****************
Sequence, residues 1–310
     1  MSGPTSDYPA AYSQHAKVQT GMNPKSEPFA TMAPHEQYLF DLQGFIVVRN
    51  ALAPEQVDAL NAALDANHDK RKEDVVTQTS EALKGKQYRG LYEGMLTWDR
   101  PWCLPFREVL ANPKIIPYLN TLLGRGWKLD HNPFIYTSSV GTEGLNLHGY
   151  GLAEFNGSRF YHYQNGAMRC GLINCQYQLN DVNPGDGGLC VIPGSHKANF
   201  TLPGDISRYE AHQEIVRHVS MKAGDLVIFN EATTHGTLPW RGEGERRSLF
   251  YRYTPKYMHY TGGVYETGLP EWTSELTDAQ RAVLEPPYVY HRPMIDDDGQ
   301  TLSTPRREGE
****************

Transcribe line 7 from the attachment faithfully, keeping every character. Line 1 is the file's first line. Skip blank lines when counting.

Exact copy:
   251  YRYTPKYMHY TGGVYETGLP EWTSELTDAQ RAVLEPPYVY HRPMIDDDGQ